‘A word fitly spoken is like apples of gold in pictures of silver’ (Proverbs 25.11). St Francis de Sales, the Catholic bishop of Geneva and patron saint of writers and journalists (and nowadays, surely, of bloggers, commentators and opinion-makers also) seems to have understood that very well. His courtesy was legendary, but there was nothing complicated about it. He wished to win others to Christ and saw that ‘whoever wants to preach effectively must preach with love’. That didn’t mean that he watered down what he believed or that he endorsed views or actions he thought wrong, but he was never one to refuse to engage with those who thought or taught differently. On the contrary, he took more trouble than might have been expected to try to understand those whose opinions or beliefs differed from his. He recognized their goodwill and regarded dialogue as preferable to condemnation, convinced, as he was, that holiness was for everyone, not just ‘professional religious’ like monks and nuns.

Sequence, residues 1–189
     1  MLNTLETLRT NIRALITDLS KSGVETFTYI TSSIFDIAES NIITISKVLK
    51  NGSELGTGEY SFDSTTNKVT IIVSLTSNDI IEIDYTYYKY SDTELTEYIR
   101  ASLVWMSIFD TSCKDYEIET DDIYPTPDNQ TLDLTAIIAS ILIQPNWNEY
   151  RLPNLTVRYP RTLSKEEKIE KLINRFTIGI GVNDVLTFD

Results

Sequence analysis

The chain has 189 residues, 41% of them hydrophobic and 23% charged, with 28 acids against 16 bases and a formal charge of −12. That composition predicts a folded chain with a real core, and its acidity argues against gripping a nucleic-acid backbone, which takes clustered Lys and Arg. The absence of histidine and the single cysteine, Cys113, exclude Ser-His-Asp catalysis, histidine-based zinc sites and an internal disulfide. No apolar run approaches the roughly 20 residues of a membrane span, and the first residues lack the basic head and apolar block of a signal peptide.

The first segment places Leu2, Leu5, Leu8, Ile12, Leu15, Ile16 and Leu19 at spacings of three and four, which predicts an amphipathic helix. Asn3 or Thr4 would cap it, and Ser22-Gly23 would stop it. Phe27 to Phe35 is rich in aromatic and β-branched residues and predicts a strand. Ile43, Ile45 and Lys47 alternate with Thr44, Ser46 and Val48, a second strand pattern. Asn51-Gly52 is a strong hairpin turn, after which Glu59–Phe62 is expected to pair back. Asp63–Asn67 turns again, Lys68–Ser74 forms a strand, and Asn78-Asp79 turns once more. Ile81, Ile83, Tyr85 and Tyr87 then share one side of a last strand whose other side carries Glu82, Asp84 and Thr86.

We are almost at the end of this year’s Octave of Prayer for Christian Unity. One of the questions we are asked to consider today is how we tackle prejudice and exclusion in ourselves and in our communities. I think St Francis de Sales, with his gentleness and love for others, has something to teach us all. In the seventeenth century, D. Prudentiana Deacon, a nun of Brussels sent to help the young Benedictine community at Cambrai, obviously thought so, too, for she translated some of his work into English. At first sight, St Francis de Sales is the antithesis of of Fr Augustine Baker, then vicarius of the monastery, and a great exponent of the medieval mystical tradition. A little thought, however, will soon show how wrong that is. Those who truly seek God in prayer cannot but love all his children; and those who love the children must surely seek to deepen their love for the Father.